At the end of your first visit, a scheduler will help you make a follow-up appointment for one month after your first appointment. You can then pick up your PrEP prescription the same day at your own pharmacy or one of our partners, Gateway Apothecary.
Visitors to the PrEP clinic should bring their health insurance card if they are insured and have one. If you’re uninsured, you can still receive PrEP and PrEP-related services at the Washington University PrEP Program.
Before your appointment, if you have insurance, you can call your insurance company to find out what is covered. The number is usually on the back of the card. Ask about:
- If our office is in your insurance network
- If you have a deductible
- How much is your copay or coinsurance for the office visit. This is the amount you pay out of pocket.
At the clinic, we have an on-site insurance navigator, a person trained to help you figure out what your insurance covers and find assistance for those who don’t have insurance or whose insurance doesn’t cover lab testing. The navigator can also call your insurance company with you to ask about what your insurance covers in terms of office visits, laboratory testing and medication costs.
We also have a social worker on site who can help refer you to resources in the St. Louis community for getting insurance; mental health support; substance use programs; housing/employment assistance; food assistance and other needs.
You can get your STI and HIV testing on site on appointment days and at other times. You can also get walk-in HIV testing on Mondays – Wednesdays.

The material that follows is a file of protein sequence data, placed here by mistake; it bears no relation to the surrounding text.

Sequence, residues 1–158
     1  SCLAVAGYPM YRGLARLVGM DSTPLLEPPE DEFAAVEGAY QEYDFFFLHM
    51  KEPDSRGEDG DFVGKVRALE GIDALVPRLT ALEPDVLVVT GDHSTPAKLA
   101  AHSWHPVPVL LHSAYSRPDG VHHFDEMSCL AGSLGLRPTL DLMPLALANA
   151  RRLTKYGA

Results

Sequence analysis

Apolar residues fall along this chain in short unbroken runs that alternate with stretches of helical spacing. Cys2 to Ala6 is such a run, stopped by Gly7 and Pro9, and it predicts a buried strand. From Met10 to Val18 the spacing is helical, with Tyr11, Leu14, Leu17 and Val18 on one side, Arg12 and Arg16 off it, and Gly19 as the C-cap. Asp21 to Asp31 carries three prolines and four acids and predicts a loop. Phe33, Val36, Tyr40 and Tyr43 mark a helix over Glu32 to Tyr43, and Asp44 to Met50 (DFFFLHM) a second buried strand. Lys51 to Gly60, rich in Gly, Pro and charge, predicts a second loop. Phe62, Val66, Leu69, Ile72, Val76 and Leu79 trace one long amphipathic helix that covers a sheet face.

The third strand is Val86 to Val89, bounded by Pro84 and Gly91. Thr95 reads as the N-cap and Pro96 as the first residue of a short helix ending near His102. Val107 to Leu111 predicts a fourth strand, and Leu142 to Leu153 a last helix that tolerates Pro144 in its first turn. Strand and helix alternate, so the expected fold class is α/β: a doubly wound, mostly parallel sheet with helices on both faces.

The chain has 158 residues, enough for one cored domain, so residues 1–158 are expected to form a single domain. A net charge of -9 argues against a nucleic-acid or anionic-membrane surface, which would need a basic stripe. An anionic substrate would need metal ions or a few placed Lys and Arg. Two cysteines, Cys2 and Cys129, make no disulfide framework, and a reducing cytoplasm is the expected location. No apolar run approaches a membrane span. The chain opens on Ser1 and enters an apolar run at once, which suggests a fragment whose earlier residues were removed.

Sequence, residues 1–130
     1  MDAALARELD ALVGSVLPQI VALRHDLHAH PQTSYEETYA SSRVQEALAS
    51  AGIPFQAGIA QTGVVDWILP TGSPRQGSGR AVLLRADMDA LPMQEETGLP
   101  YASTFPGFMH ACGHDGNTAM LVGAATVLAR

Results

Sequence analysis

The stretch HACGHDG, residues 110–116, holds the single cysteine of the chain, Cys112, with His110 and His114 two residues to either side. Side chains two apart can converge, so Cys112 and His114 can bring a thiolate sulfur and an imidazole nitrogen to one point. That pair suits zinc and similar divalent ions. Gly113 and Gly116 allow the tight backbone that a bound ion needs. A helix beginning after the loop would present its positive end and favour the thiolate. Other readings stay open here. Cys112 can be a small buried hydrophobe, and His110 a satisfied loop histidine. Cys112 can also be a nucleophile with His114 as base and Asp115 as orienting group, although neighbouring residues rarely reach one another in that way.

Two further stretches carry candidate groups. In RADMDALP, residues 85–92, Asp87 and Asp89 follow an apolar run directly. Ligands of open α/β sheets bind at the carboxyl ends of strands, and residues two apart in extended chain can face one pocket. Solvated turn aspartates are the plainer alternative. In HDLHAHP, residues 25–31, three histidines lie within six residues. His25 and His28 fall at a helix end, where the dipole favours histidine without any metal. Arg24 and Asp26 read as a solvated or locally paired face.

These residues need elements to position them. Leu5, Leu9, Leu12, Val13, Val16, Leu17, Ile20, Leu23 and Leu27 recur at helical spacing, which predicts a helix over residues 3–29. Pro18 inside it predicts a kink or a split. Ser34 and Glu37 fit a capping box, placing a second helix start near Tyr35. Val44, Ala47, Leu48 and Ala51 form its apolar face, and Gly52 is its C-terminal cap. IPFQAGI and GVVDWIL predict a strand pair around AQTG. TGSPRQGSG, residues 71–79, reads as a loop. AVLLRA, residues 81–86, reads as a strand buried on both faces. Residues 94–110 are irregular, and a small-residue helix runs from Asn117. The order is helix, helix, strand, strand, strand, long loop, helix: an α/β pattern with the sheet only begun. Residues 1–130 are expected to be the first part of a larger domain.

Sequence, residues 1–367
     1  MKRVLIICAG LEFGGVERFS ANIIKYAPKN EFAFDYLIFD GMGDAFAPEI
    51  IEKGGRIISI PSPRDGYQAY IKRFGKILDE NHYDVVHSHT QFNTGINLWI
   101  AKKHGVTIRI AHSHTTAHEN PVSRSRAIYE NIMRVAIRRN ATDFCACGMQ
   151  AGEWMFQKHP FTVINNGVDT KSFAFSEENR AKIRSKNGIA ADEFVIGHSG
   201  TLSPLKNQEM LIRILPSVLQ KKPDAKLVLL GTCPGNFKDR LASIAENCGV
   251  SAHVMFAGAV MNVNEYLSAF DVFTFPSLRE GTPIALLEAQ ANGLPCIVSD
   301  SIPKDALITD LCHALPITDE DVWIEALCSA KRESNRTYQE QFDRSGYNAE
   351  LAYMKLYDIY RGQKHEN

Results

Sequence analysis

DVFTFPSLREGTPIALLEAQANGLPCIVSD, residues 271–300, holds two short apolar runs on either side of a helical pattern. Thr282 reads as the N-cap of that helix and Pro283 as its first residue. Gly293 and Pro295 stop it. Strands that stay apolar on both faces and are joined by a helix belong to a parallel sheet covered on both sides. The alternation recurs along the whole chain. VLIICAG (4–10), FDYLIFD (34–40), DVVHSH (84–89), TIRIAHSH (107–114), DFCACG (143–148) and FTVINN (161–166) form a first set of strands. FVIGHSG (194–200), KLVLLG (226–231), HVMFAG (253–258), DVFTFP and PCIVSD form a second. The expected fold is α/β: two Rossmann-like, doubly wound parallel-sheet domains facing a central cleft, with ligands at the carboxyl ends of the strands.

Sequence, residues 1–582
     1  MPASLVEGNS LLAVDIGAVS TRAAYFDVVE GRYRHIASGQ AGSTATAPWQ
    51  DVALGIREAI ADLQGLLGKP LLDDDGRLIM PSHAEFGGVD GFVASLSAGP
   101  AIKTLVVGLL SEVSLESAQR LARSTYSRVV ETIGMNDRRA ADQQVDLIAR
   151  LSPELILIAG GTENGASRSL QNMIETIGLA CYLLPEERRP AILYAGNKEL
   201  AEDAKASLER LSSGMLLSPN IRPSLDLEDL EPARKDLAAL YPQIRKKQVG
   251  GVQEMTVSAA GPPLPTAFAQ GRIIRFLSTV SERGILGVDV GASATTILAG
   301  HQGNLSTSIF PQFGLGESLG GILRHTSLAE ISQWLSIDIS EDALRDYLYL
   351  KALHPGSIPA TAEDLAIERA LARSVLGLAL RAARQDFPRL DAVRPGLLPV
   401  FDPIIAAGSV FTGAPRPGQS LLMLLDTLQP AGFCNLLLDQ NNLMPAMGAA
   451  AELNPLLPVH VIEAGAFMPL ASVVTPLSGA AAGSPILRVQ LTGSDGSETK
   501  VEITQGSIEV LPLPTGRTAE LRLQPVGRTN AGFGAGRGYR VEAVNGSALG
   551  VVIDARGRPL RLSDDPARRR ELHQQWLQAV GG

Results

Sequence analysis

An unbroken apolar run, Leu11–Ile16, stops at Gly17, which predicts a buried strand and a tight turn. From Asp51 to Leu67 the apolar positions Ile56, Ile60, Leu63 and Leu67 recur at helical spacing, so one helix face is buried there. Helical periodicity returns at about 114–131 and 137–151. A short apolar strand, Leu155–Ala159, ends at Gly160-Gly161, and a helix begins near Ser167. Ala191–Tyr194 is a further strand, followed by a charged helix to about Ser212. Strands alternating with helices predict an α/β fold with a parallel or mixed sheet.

Please see our Services page to read more about other services we offer at the Wash U PrEP program.
Yes, you can get HIV testing with no appointment on Mondays through Wednesdays from 9:00 AM – 12:00 PM.
At Wash U, we try to make PrEP care affordable and accessible for everyone.
Wash U accepts many types of health insurance. Those with insurance can get the out-of-pocket costs of their medicines paid for by three programs: Gilead Access, PAF Foundation co-pay relief program and PAN Foundation.
Those without insurance may be eligible for PrEP free of charge. For assistance paying for PrEP, the Gilead Advancing Access program offers a co-pay assistance coupon that covers up to $7,200 per year for those with private insurance (not government insurance such as MO HealthNet).
At your first visit at the clinic, you will meet with an insurance counselor who can help you enroll in these programs and manage any insurance issues you may have, such as denials of coverage or changes in job and/or insurance.
Wash U has also partnered with an independent (non-retail) pharmacy called Gateway Apothecary to establish the first pharmacy-based PrEP clinic in Missouri to provide follow-up PrEP services, including lab testing, at minimal cost to persons without insurance. Here, PrEP follow-up is delivered by a clinical pharmacist at the pharmacy under the supervision of a doctor. PrEP users and non-users said that they felt at times even more comfortable at the pharmacy to get PrEP care. You will be enrolled in this program at your first appointment if it applies to you.
Visit the following websites to learn more about taking pre-exposure prophylaxis (PrEP) to stay HIV-negative:
To learn more about how PrEP works:
- St. Louis Effort for AIDS
- Centers for Disease Control (CDC)
- Black AIDS Institute
- Project Inform
To learn more about paying for PrEP:
To connect with other people on PrEP: